My advice to those who did not like it the first time or have not seen it yet is simple. Watch it again for what it is. Do not expect to be on the edge of your seat for two hours. Watch it for the cinematography that alone makes this film among the best (I don't agree with AFI's number one ranking but I think it still ranks high). Look deeper into the story and try to connect with it on some level. At the very least appreciate how influential this film was and where the industry would be without it. If you can do this, then maybe some of the naysayers will change their minds. Again, you do not have to love Citizen Kane, but at least respect it for what it is.
Why the viewers of Citizen Kane are an essential part of the film
Famously in the film Citizen Kane the title character Charles Foster Kane dies in his bed, muttering "Rosebud" and dropping a snow globe, without anybody other than Kane being visible in the room. Yet the whole film is based on the premise that "Rosebud" was Kane's last word and a reporter tries to find out the meaning of the word by interviewing people who knew him. So how could he do this if nobody heard him say the word? Towards the end of the film the butler claims that he was in the room when Kane died. We never saw him in the bedroom but not the whole room was shown to us, so it is very much possible. But why is it that he wasn't shown to us being in the room when Kane died? Given how extremely well thought through the film is it is more than likely that this wasn't only done intentionally, but with a purpose.

The film mostly is told to us (quite literally) from a subjective point of view and through opinions of people who knew Charles Foster Kane. And Kane was a different kind of person depending on who told the story. A main message of the film - so to speak - is that there is no actual picture of a person, there are just many different fragmented pictures of which none are true or false.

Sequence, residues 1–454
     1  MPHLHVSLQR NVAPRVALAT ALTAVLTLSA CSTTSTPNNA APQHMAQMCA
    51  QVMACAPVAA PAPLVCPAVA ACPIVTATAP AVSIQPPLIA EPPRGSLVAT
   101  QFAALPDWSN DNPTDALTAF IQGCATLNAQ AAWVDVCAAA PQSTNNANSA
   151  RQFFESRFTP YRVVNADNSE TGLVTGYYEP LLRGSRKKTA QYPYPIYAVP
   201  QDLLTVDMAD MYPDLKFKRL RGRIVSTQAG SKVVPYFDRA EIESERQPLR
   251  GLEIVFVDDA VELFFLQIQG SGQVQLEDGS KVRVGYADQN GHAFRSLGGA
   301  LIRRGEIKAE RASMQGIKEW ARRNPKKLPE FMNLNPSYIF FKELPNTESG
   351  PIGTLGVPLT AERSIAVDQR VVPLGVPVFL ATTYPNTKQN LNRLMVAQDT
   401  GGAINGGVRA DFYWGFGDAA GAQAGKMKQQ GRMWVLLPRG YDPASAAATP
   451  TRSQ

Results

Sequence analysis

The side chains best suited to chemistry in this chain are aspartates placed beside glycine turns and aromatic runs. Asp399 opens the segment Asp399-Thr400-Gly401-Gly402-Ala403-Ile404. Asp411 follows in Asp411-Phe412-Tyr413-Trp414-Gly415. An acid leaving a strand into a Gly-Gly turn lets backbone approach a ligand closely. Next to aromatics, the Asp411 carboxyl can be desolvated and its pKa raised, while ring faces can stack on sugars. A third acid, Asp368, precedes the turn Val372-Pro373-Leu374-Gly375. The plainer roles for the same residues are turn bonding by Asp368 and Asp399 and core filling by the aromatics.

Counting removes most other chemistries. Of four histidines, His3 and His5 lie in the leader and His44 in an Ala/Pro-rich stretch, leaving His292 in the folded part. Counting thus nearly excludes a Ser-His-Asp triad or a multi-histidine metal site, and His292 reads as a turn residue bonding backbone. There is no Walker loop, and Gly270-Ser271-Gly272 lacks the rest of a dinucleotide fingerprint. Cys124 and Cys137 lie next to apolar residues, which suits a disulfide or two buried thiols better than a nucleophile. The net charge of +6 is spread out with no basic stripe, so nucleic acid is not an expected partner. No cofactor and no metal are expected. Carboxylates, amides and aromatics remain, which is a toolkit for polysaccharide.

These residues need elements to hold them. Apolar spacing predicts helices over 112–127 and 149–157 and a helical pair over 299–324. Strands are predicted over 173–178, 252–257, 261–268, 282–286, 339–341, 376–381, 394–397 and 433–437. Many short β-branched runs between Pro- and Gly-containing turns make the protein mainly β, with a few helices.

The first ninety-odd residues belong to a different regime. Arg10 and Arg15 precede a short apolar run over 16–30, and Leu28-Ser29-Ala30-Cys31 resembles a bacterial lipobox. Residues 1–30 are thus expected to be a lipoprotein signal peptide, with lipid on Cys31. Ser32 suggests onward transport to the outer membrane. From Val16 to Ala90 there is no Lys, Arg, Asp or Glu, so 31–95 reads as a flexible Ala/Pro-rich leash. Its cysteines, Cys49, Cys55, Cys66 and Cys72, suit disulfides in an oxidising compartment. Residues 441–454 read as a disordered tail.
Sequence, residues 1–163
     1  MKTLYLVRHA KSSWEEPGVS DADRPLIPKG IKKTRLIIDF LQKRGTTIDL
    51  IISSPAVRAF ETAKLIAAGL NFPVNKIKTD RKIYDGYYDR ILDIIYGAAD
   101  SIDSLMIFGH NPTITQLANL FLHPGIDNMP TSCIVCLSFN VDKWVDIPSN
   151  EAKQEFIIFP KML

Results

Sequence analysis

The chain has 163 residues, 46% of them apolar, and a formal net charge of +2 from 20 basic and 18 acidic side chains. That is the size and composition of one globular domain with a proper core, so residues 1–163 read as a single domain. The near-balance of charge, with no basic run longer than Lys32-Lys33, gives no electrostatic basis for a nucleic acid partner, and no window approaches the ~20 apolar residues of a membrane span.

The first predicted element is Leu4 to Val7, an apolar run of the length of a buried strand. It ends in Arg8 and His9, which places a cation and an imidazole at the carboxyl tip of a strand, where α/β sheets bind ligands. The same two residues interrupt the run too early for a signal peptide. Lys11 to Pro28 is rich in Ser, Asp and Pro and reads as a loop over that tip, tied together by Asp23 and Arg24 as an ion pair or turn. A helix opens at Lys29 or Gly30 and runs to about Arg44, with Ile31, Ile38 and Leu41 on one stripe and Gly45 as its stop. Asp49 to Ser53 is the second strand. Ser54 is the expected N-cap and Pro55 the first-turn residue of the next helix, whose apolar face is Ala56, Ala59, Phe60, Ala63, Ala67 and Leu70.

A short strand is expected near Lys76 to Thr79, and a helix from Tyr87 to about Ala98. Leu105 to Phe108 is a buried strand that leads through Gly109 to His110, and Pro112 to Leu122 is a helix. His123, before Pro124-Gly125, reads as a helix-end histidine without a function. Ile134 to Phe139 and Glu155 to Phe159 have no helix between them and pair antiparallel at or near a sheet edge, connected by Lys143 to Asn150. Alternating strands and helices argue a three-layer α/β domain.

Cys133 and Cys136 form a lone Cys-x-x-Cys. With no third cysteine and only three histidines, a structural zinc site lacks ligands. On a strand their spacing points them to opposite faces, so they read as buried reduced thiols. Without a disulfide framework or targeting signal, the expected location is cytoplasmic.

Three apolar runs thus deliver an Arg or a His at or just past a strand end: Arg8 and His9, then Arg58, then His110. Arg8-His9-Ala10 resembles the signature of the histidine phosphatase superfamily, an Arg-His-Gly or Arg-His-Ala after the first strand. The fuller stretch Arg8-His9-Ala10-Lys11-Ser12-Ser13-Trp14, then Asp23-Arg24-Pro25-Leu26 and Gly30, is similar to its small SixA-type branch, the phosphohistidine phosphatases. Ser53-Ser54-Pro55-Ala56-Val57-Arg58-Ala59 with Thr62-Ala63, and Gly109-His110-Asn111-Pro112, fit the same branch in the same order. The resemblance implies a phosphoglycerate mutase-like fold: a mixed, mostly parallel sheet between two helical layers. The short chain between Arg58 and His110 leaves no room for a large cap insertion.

In the very first scene of the film we see a sign that says "No Trespassing". This sort of makes us the intruders to Xanadu and to Kane's life. The camera goes through his garden around the castle leading into the castle. So in the beginning we, like, become another one of those subjective witnesses who try to get the "full picture" and who eventually will form an opinion about this person. And to include the viewer into this bunch of unreliable witnesses and to manifest the concept that we are in the same position as all of those characters who told us THEIR story of Kane's life, the viewer obviously (for now) is the only witness to the first act of 'Citizen Kane' and the last chapter of Kane's life. It is this very event that gets the stone rolling. It makes us a witness and now the investigation of Kane's past life can begin.

Now if you think of the interviewer/reporter who asks the people for Kane's story, we mostly see him from behind with the camera looking over his shoulders. Or he is obscured by shadows, a hat and (observating) glasses. Often he simply is off-screen altogether and we apparently are the interviewees' only listeners. The poor man is pretty much faceless. One could say that the interviewer, who never is fleshed out as a character - if you can even call him a character with an own identity - is taking the position of the viewer who witnessed his last word and who wants to find out what it means.